Following your typical simple method, at one point you end up with something that looks like this:


Your arm length makes up your vertical guide. Then your wrist measurement and your bicep measurement make up the top and bottom lines (all centered). You will probably also have an elbow width marked halfway or so down. Finally, your armhole (armscye) measurement from your garment provides the length of the sleeve head curve, arranged as an S to account for the finished circle shape.

Since you've got no guidelines for that curve, the instinct is to place it just under your bicep line, and to match up your end points to the bicep width. Then the length of the curve is arranged in a symmetrically (same length of curve on either side of the center line).

Just at this point, there's already two potential problems. First, there's a high likelihood your sleeve head is the wrong depth (either too tall or, less likely, too short). Second, you've just removed a portion of your bicep width.

Your bicep isn't a funnel. It doesn't start out at it's greatest width right at the top, then taper evenly to your elbow width. Most people, muscular or flabby, have a wider bicep measurement anywhere between 3" to 7" down from their shoulder than they do right at the top. In fact, when you measured your bicep, that widest point is probably where you placed the tape measure. For me, it's about 5" down. It certainly wasn't right against my armpit. So when you use your bicep measurement in this simplified method, note that you've just claimed that width at the top of the sleeve.

When you connect the dots, from the bicep to the elbow, you're not creating a rounded, elongated tube that resembles your upper arm. You're creating a funnel.

If you've been over-compensating your measurements by adding 2" or more of ease, you're probably lucky here. That additional width will probably save this funnel from being too small. But just because you got lucky doesn't mean you got it right. You may find that your sleeve is too loose for the style you were aiming for, or perhaps there are issues in other ways the sleeve fits (what happens when you raise your arm over your head?) Don't be tempted to take those issues for granted, simply because the sleeve "fits". Ask yourself if it really is good enough?

If you weren't lucky, you'll know it- the bicep will be too tight. Either your arm won't fit, or you'll get pulling across the bicep when you start moving your arm around. This is the problem I always had from this method. My aim is always a tight sleeve in keeping with the 15th century dress styles I do. So I tend to add little to no ease. (This is also a mistake, as I've learned.)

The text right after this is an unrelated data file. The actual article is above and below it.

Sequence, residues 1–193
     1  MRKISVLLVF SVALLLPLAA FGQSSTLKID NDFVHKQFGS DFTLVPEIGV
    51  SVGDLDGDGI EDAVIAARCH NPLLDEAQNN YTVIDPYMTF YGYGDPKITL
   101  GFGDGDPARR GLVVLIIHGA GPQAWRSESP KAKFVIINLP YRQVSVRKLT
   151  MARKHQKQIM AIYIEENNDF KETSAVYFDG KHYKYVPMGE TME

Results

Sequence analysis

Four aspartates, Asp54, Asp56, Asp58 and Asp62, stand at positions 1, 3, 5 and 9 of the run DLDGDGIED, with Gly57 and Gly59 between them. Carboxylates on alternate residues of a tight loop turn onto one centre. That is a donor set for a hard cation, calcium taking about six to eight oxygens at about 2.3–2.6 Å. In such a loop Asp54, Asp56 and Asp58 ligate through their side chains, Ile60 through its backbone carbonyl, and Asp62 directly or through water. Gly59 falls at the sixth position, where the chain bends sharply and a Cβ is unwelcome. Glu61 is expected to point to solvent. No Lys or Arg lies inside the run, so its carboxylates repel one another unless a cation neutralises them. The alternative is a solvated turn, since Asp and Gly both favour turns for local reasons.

So the simple method may prove to be a little too simple. (What's that saying- it's too good to be true?) But what if we can make up for those issues lacking direction in the simple method by adding in some of the directions found in the sloper method? What if we can tame the arbitrary nature of the simple method, even if we can't eliminate it?

At which point we end up back at the underarm measurement. If we can establish the boundaries of the sleeve head first, then mark the bicep width below that (rather than within it, which is what's currently happening), we're setting the correct stage. Then from there, we can tackle the sleeve head curve and the bicep length, before moving on the elbow and forearm.

I want to take a side trip to the armscye, and talk briefly about the dynamics of the sleeve head curve. To see a great illustration of how the two are related, I recommend checking out ikatbag.com, and reviewing the tissue box demonstration halfway down the post. In short, the angle at which a sleeve is set into an armscye directly effects both the fit of that sleeve and the shape of the sleeve head. The most important take-away from this, for our purposes today, is to take note that a casual, but not loose sleeve should be the aim for us in creating medieval garments- we're not making formal uniforms but rather everyday wear. We'll also want to note, as stated in Mathilde Bourrette's sleeve documentation that a shallow sleeve head curve allows more/better ease of movement.

Taken together, this tells us that the armscye measurement should not be greatly larger than the bicep. (There are major, period exceptions to this, including the grande assiette sleeve, but we're talking about basic sleeves here.) When you're creating your armscye, therefore, it's best to keep it as small as you can up to the point you create and insert your sleeves. This will give you a leg up (or is that 'arm up'?) on achieving a good, comfortable curve. I try to keep it close to my bicep measurement, but that might be too small for you.

I'm going to end this post here, and leave you all in suspense. I worked through an entire drafting method this afternoon, but I'm not happy with the photos I took and I need time to develop better visuals. So I'm going to leave that for next week and 2015's first Medieval Crafting Skill of the Month. I hope I've piqued your interest, though, because I really believe that the method I've arrived as is worth a look.